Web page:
|Publication number||US8006937 B1|
|Application number||US 12/367,207|
|Publication date||30 Aug 2011|
|Filing date||6 Feb 2009|
|Priority date||6 Feb 2009|
|Publication number||12367207, 367207, US 8006937 B1, US 8006937B1, US-B1-8006937, US8006937 B1, US8006937B1|
|Inventors||Marcello Romano, Paul Oppenheimer|
|Original Assignee||The United States Of America As Represented By The Secretary Of The Navy|
|Export Citation||BiBTeX, EndNote, RefMan|
|Patent Citations (18), Non-Patent Citations (7), Referenced by (8), Classifications (4), Legal Events (2)|
|External Links: USPTO, USPTO Assignment, Espacenet|
1. Field of the Invention
The present invention relates generally to docking mechanisms for spacecraft.
2. Description of the Related Art
The ability to dock multiple spacecraft has an enormous benefit for many spacecraft applications. Spacecraft that do not fit in a single launch vehicle can be launched independently and assembled in orbit. Furthermore, for instance, a broken module of a spacecraft can be jettisoned and replaced by a new module without having to replace the entire spacecraft.
A current limitation of all existing docking interface designs is the limited reliability and high complexity of their designs. In particular, the current Orbital Express docking interface design (Starsys Research Corporation, Boulder, Colo.) uses motors, gears, and cams to reach mechanical connection loads that are high enough to transfer fluid. Additional moving parts may decrease reliability while increasing the mass of the design. Reliability is a primary concern of all spacecraft missions. There is not a chance to repair the docking interface after the spacecraft has been launched.
Other docking interface designs such as Michigan Institute of Technology's Space System Lab and Michigan Aerospace Corporation do not allow for the transfer of fluid. Further, none of the current docking interface designs are scalable down to a CubeSat size spacecraft (10 cm×10 cm×10 cm).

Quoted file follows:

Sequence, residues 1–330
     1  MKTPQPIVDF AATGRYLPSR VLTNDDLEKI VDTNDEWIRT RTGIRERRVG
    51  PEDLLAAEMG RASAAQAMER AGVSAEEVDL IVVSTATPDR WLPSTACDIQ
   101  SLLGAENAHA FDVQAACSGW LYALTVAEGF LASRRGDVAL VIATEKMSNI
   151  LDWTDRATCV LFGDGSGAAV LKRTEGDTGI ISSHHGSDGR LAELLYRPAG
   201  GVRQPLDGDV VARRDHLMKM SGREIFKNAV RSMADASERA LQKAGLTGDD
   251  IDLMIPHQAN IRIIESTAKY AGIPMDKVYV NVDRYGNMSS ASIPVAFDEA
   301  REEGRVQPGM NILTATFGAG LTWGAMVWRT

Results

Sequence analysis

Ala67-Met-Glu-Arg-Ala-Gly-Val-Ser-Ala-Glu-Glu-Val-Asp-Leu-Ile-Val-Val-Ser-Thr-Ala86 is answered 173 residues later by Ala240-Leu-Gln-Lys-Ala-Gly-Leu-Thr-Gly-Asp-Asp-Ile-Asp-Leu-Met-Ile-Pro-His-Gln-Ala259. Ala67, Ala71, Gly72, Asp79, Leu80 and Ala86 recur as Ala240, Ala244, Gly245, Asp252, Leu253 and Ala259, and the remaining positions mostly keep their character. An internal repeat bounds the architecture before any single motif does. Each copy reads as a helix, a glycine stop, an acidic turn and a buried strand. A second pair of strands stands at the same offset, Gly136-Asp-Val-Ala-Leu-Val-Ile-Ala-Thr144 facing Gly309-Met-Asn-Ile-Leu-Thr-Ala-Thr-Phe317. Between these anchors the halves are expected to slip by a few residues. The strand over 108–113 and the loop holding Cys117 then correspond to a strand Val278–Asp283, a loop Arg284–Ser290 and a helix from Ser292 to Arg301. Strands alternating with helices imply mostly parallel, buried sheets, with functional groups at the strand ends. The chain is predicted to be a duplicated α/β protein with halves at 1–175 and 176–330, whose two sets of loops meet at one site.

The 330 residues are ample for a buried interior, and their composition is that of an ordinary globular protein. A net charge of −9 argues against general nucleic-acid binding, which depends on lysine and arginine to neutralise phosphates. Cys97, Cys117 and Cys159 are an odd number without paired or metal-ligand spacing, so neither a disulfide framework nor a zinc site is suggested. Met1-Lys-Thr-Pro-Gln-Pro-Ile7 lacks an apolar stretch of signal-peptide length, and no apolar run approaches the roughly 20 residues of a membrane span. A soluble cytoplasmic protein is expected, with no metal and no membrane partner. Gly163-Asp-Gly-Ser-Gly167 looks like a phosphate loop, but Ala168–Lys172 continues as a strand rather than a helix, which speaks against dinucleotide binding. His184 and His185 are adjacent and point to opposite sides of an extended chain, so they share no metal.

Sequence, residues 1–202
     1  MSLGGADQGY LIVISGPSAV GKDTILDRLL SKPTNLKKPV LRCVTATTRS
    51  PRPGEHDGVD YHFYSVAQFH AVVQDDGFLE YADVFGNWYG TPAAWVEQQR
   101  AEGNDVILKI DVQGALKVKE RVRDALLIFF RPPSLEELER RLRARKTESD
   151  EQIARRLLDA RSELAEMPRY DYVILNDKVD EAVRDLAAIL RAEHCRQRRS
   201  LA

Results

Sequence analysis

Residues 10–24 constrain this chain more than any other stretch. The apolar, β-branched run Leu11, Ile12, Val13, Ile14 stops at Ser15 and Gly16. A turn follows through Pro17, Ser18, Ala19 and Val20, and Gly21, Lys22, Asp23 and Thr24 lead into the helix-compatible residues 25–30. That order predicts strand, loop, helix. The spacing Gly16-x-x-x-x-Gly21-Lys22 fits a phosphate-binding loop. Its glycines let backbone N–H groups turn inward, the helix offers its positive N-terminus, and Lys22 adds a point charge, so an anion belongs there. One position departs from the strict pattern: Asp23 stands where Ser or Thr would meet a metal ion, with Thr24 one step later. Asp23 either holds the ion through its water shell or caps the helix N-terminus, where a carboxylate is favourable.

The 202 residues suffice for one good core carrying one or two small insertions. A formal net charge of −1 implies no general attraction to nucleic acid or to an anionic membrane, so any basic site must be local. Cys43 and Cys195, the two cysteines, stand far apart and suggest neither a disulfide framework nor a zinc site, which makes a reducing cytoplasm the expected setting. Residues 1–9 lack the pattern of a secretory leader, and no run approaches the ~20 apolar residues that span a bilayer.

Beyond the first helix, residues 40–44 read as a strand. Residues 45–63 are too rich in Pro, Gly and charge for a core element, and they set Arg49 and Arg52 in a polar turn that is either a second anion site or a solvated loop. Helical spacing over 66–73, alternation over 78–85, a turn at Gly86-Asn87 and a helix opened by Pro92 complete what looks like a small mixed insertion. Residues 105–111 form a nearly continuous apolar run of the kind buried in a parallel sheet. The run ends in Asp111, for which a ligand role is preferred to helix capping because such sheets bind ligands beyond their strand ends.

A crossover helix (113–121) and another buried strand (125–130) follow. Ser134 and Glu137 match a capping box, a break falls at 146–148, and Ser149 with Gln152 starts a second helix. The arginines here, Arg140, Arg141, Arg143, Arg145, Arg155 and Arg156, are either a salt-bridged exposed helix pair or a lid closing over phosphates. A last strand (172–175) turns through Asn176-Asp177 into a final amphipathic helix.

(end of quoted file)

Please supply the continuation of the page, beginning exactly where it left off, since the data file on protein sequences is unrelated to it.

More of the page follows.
A CubeSat is a spacecraft with dimensions of 10×10×10 centimeters (i.e., a volume of one liter), weighing no more than one kilogram, and typically using commercial off-the-shelf electronics components. CubeSats provide a mean for universities, companies and other organizations throughout the world to enter the realm of space science and exploration. Most CubeSats carry one or two scientific instruments as their primary mission payload. Miniaturized spacecrafts have application in low data rate communications systems, gathering data from multiple points and in-orbit inspection of larger spacecrafts.
Embodiments in accordance with the invention include a demountable docking interface mechanism and method for docking and undocking two spacecraft utilizing the demountable docking interface mechanism. Embodiments in accordance with the invention are best understood by reference to the following detailed description when read in conjunction with the accompanying drawings.
For purposes of description, in one embodiment, first docking interface mechanism 10 and second docking interface mechanism 10′ are substantially identical, and are used to demountably couple first spacecraft 12 and second spacecraft 14. Herein the use of the prime indicator symbol (′) is used to differentiate substantially identical structures of second docking interface mechanism 10′ from those of first docking interface mechanism 10.
Herein the term spacecraft refers to any vehicle or object intended for transit through, or outside earth's atmosphere. Further herein the term space refers to the area outside Earth's atmosphere, unless otherwise specified.
Frame 24 further includes first alignment pin 16 and second alignment pin 18, a first data and power connector 34 and a second data and power connector 36, and four thrusters, respectively, thrusters 30, 32, 38, and 40. In one embodiment first alignment pin 16 and second alignment pin 18 are substantially identical. In one embodiment, connectors 34 and 36 are used to pass electrical power and electrical data signals between first spacecraft 12 and second spacecraft 14 when docked. In one embodiment, frame 24 also includes one electromagnet having a first pole 44 and a second pole 46. The electromagnet with poles 44, 46 provide active assistance in close proximity operation alignment.
The alignment pins 16, 18 of docking interface mechanism 10 are further described herein with reference to